Lawyers support repeal of 'three strikes' law

GISBORNE lawyer Adam Simperingham says the New Zealand Criminal Bar Association (NZCBA) supports the Government policy of repealing the “draconian and short sighted” three strikes legislation.

Mr Simperingham says the repeal of the law is a vote of confidence in the ability of judges to be able to sentence offenders appropriately after taking into account all relevant aggravating and mitigating circumstances”.

Justice Minister Andrew Little has described the law introduced in 2010 as “silly”.

“It doesn’t work and will be dismantled next year,” Mr Little said.

“It has been on the statute books for eight years now. Our serious offending rate is rising, our prison population is rising.

“Throwing people into prison for longer and longer just isn’t working.”

Mr Simperingham said the NZCBA believed the three strikes legislation did nothing to address the underlying causes of crime or and the need for rehabilitation.

Inflexible sentencing policies had unintended consequences and caused disproportionate outcomes.

The legislation “unduly fettered” the judiciary’s ability to tailor sentences to the facts of any given offending.

In practice, the law created problems.

“Some defendants had no incentive to plead guilty because the judge was required to impose the maximum sentence without any parole for those facing a third strike.

“Charges were being plea-bargained and discretions stretched to try to avoid the unjust consequences of the three strikes law.

“That created a number of artificial situations (such as separate charges of theft and assault instead of a single charge of aggravated robbery) which neither enhanced public confidence nor respect for justice.”

“While the NZCBA acknowledges the role that deterrence and denunciation have in the sentencing process, the new Government should be applauded for its change in policy.

“It is important that our criminal justice system be fair.

“The three strikes legislation had the potential to create unfair outcomes where the crime didn’t warrant the lengthy third strike sentence imposed.

“In the NZCBA’s view, imposing an unfairly long sentence of imprisonment on any offender paves the way for the offender to eventually re-enter society feeling disenfranchised, alienated and angry, and therefore more likely to re-offend,’’ said Mr Simperingham.

The three strikes law was passed in 2010 with Act’s law and order spokesman David Garrett the main architect.
It applies to 40 serious sexual or violent offences.

The first-strike conviction results in a normal sentence and a warning, the second in a sentence without parole and a final warning, and the third the maximum sentence for that offence without parole — though parole eligibility can be granted if a judge deems the sentence manifestly unjust.

The latest Ministry of Justice figures up to July 2017 show 8503 offenders on a first warning, 216 on a final warning, and two convicted of a third strike.

GISBORNE lawyer Adam Simperingham says the New Zealand Criminal Bar Association (NZCBA) supports the Government policy of repealing the “draconian and short sighted” three strikes legislation.

Mr Simperingham says the repeal of the law is a vote of confidence in the ability of judges to be able to sentence offenders appropriately after taking into account all relevant aggravating and mitigating circumstances”.

Justice Minister Andrew Little has described the law introduced in 2010 as “silly”.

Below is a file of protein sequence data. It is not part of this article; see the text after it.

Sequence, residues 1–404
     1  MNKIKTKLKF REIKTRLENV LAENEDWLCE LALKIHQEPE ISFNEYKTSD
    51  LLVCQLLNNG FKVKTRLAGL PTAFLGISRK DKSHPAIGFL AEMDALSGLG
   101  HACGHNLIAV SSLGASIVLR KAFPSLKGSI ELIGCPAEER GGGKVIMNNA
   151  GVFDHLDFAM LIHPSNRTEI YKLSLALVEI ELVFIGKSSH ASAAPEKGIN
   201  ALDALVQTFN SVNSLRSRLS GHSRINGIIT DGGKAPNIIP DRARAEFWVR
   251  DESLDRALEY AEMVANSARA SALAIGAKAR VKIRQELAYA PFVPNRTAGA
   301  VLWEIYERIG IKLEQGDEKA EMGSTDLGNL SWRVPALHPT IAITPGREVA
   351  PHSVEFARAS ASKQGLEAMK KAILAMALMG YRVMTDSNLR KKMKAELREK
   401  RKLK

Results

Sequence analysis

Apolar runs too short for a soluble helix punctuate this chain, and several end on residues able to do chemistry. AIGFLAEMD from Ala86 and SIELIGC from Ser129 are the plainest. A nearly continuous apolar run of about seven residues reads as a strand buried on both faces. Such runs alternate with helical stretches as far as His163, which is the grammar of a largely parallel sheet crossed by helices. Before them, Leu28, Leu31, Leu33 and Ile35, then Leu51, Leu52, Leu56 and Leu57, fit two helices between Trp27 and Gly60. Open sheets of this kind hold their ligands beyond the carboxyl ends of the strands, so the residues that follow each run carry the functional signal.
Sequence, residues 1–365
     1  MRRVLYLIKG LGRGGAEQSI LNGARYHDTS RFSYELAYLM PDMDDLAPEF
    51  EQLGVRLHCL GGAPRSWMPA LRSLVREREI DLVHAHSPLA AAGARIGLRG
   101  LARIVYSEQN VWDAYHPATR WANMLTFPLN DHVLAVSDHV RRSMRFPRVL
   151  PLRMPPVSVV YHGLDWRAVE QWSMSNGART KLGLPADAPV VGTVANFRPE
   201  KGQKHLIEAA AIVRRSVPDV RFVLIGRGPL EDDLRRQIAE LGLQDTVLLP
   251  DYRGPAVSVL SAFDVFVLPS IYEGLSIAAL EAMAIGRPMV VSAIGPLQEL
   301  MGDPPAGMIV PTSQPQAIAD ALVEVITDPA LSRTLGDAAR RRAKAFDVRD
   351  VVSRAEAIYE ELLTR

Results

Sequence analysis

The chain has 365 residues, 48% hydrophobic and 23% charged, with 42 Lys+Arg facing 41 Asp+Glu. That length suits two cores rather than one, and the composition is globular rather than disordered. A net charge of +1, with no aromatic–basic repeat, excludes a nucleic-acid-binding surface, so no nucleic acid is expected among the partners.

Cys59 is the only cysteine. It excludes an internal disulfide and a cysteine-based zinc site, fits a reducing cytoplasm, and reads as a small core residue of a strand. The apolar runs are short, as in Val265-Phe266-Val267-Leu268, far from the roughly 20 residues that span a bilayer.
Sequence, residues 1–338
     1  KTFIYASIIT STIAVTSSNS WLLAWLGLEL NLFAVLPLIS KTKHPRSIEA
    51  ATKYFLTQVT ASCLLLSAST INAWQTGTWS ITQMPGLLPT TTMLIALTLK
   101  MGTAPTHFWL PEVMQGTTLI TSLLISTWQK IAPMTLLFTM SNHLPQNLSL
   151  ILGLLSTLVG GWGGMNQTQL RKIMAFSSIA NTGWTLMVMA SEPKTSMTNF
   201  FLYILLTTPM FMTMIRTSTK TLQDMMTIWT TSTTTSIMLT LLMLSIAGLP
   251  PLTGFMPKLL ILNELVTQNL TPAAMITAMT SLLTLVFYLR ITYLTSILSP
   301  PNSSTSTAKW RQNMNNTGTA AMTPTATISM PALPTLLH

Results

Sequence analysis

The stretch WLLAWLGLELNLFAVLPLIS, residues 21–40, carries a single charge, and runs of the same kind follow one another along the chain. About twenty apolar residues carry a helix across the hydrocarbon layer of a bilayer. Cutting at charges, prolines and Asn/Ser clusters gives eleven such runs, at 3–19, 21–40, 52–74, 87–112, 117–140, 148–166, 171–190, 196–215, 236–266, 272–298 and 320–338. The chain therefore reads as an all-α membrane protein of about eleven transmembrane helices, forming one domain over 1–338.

“It doesn’t work and will be dismantled next year,” Mr Little said.

“It has been on the statute books for eight years now. Our serious offending rate is rising, our prison population is rising.

“Throwing people into prison for longer and longer just isn’t working.”

Mr Simperingham said the NZCBA believed the three strikes legislation did nothing to address the underlying causes of crime or and the need for rehabilitation.

Inflexible sentencing policies had unintended consequences and caused disproportionate outcomes.

The legislation “unduly fettered” the judiciary’s ability to tailor sentences to the facts of any given offending.

In practice, the law created problems.

“Some defendants had no incentive to plead guilty because the judge was required to impose the maximum sentence without any parole for those facing a third strike.

“Charges were being plea-bargained and discretions stretched to try to avoid the unjust consequences of the three strikes law.

“That created a number of artificial situations (such as separate charges of theft and assault instead of a single charge of aggravated robbery) which neither enhanced public confidence nor respect for justice.”

“While the NZCBA acknowledges the role that deterrence and denunciation have in the sentencing process, the new Government should be applauded for its change in policy.

“It is important that our criminal justice system be fair.

“The three strikes legislation had the potential to create unfair outcomes where the crime didn’t warrant the lengthy third strike sentence imposed.

“In the NZCBA’s view, imposing an unfairly long sentence of imprisonment on any offender paves the way for the offender to eventually re-enter society feeling disenfranchised, alienated and angry, and therefore more likely to re-offend,’’ said Mr Simperingham.

The three strikes law was passed in 2010 with Act’s law and order spokesman David Garrett the main architect.
It applies to 40 serious sexual or violent offences.

The first-strike conviction results in a normal sentence and a warning, the second in a sentence without parole and a final warning, and the third the maximum sentence for that offence without parole — though parole eligibility can be granted if a judge deems the sentence manifestly unjust.

The latest Ministry of Justice figures up to July 2017 show 8503 offenders on a first warning, 216 on a final warning, and two convicted of a third strike.

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